The app requires parents and kids to have Android devices, though Google is working on some support for Apple iPhones. Google also plans to extend support to Chromebooks, the inexpensive laptops that run Google’s Chrome OS software.
Don’t expect kids with a taste for independence to embrace Family Link.
Here was my own 11-year-old’s response when I introduced him: “So you can watch me creepily? That’s what all the other parent stuff does. Why would I want that? I don’t get anything out of that.”
Parents trying to introduce the technology might fare better if they introduce the Family Link along with a first phone. Then it’s something being added, not removed, from the child’s life.
But as for my son’s “watch me creepily” worry, Family Link takes a measured approach.
Although parents can see what Android apps kids used and how much over the last week and month, they can’t see things like what websites they visited or who they sent messages to or e-books they read. Kids can also find out precisely what parents view, because they get the app, too.
“We don’t want kids thinking Google has built spyware,”
said Saurabh Sharma, Family Link’s product manager. “That’s where transparency comes in.”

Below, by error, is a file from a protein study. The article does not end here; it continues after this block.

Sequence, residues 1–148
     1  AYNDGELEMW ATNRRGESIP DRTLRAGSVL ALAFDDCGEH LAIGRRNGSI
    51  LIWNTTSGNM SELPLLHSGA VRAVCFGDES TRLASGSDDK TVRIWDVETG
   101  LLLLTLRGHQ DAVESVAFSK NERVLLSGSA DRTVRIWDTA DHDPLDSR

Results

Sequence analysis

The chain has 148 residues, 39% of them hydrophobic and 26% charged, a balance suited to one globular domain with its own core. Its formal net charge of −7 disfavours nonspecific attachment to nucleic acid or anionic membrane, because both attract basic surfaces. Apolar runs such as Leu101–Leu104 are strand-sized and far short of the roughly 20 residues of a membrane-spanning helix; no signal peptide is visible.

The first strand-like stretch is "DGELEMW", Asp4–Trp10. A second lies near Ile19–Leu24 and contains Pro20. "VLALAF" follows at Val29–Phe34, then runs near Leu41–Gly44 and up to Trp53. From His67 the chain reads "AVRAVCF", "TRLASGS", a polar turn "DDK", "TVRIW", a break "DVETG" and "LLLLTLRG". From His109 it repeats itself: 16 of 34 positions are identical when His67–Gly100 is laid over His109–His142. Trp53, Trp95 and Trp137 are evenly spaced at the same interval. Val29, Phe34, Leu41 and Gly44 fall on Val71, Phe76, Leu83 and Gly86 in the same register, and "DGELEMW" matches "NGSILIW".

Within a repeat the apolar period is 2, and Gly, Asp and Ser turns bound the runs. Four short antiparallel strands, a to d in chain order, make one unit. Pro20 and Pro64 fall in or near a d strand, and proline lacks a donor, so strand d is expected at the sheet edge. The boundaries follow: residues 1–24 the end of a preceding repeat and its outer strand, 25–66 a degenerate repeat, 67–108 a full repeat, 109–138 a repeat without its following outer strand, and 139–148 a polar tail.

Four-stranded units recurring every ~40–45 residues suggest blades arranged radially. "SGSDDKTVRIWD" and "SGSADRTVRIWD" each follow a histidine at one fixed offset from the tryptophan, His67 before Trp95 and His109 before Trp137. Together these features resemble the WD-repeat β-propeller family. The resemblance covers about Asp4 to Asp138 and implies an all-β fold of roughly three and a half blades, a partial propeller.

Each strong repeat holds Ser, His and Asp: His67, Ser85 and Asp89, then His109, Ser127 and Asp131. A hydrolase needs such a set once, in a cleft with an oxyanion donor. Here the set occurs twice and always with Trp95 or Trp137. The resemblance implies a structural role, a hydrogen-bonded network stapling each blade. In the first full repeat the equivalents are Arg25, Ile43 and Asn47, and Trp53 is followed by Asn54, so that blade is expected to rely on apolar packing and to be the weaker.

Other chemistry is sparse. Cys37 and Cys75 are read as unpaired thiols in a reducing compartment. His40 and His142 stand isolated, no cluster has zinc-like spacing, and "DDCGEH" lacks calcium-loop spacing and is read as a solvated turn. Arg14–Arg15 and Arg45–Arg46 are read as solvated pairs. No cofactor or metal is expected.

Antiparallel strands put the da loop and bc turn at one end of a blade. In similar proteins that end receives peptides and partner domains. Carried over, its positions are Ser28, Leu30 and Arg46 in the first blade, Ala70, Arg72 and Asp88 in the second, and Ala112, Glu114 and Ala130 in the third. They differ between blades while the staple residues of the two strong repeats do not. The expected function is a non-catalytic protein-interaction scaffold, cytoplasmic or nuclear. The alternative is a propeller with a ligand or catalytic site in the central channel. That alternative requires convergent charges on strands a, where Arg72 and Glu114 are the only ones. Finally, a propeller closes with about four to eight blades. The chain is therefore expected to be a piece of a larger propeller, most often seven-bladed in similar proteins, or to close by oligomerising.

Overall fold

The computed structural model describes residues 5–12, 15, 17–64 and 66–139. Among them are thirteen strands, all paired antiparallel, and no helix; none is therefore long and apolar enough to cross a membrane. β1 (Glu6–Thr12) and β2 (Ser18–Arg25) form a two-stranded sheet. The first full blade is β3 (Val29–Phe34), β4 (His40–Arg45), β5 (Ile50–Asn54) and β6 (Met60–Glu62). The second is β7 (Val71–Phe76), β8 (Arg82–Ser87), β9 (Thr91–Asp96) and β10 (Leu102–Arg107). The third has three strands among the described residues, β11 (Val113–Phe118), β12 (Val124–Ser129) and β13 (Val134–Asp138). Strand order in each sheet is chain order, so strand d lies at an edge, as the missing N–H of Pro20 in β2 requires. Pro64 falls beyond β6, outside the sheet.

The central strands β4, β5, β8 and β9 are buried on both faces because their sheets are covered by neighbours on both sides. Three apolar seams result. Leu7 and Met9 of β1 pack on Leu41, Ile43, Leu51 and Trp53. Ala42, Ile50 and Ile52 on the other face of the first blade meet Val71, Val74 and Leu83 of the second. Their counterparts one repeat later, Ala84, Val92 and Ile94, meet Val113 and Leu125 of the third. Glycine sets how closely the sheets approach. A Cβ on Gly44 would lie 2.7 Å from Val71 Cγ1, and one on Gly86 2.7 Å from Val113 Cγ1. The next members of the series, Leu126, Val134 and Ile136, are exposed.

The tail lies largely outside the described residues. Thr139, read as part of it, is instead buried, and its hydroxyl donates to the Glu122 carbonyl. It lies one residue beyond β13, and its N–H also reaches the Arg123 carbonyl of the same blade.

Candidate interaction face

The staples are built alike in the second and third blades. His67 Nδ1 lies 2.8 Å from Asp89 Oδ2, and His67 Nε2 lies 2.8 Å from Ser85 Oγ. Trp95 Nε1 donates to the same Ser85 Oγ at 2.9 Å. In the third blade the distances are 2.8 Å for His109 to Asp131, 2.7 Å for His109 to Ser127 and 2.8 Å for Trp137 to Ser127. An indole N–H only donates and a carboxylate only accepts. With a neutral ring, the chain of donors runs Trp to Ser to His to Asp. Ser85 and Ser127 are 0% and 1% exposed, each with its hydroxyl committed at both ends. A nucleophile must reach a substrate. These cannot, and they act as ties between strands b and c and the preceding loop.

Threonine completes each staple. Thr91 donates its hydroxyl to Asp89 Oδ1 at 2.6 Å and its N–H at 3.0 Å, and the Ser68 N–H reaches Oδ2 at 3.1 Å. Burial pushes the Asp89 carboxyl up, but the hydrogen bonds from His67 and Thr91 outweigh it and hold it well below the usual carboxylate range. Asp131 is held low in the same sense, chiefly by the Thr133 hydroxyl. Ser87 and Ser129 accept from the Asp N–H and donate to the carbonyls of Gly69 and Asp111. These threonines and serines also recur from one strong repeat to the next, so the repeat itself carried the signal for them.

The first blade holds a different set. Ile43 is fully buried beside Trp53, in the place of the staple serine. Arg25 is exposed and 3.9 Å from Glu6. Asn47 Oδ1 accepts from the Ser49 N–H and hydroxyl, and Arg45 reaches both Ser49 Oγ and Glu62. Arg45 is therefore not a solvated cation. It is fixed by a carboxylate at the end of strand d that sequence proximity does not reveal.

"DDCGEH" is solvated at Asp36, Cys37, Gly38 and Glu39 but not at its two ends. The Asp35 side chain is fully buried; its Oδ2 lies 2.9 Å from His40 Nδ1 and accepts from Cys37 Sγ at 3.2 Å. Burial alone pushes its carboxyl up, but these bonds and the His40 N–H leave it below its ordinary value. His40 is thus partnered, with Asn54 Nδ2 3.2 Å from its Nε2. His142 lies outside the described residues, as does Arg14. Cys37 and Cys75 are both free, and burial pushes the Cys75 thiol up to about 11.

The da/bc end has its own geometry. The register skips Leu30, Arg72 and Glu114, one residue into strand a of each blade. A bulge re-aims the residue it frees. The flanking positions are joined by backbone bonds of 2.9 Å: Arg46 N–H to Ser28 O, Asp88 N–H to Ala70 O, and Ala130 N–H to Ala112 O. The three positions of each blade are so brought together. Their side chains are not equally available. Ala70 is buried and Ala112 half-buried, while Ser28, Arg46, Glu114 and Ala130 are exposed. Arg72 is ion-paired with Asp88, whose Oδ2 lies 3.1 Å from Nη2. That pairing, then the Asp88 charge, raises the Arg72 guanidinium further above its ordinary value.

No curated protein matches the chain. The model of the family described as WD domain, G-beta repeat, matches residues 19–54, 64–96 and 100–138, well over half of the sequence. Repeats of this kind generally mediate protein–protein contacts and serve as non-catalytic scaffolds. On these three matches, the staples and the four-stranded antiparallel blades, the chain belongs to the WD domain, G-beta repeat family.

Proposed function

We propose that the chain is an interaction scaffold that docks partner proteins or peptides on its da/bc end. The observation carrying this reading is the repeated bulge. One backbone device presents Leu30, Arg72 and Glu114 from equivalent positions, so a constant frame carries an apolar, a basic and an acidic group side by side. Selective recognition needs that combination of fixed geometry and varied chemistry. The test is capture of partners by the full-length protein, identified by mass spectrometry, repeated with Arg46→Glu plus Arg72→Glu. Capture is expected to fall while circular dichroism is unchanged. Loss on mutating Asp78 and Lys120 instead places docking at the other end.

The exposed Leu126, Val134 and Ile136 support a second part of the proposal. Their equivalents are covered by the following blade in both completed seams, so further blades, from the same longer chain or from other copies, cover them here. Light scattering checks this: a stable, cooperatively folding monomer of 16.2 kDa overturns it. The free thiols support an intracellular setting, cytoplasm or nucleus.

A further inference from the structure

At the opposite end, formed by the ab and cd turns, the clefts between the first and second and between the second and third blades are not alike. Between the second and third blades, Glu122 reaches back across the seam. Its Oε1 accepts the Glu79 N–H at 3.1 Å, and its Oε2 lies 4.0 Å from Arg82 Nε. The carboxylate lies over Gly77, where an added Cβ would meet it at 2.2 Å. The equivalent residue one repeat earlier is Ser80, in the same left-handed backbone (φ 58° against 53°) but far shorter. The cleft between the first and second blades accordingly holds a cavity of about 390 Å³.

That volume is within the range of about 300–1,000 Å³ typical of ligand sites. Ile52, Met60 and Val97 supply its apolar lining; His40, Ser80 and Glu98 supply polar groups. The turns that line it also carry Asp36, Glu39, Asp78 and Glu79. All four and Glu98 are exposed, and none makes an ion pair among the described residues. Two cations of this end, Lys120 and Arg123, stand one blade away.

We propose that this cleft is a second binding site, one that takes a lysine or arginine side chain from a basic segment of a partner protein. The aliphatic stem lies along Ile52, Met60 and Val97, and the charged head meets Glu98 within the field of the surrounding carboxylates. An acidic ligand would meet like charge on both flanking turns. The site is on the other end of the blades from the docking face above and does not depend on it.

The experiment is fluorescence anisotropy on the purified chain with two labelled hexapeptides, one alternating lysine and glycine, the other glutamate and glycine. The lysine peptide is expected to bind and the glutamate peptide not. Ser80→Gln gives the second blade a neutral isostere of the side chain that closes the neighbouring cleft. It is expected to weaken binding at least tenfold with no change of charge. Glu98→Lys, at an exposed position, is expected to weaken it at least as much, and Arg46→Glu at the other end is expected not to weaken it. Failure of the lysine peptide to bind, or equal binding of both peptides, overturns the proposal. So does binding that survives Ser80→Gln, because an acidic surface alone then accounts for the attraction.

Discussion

Google also sees Family Link as an opportunity for parents and kids to discuss things like rules, choices and online behaviour. Why do parents want to see where kids are? What’s the reason for limiting screen time on the weekends to three hours?
At age 13, when kids can set up their own Google accounts on their own, Family Link restrictions are removed.
It may seem bizarre that it took Google so long to cater to kids, but there are good reasons.
Legal constraints like the Children’s Online Privacy Protection Act (COPPA) mean it’s not simple to operate a service that includes kids. Facebook, Snapchat, Instagram, WhatsApp, Flickr and many other services have 13-and-up age requirements.
Lots of kids already have a place in the Google world through schools. Google offers G Suite, its online services like email and Google Docs for free. Chromebooks are more popular in schools, too. But schools often limit student accounts, though, limiting whether kids get access to their phones or blocking kids from emailing a photo to grandma.
Family Link dovetails with other child-focused Google changes, Diwanji said. That including tweaking search results for children. So maybe the next 5-year-old will have an easier time finding Thomas the Tank Engine.
Family Link features
Among things parents can do:
- Track kids’ location.
- Require permission for new app installation and see which apps kids have installed.
- Put kids’ phones to sleep when it’s time for dinner, homework or bed.
- Set a “bedtime” and sleeping hours during which devices can’t be used.
- See what apps kids have used in the last 7 and 30 days.
- Loosen search settings from the default safe search setting, designed to keep out adult content like porn.
- Set a new unlock code if kids forget their own.
- Ring the phone’s ringer to find lost devices.
- Set which apps get access to the camera or microphone.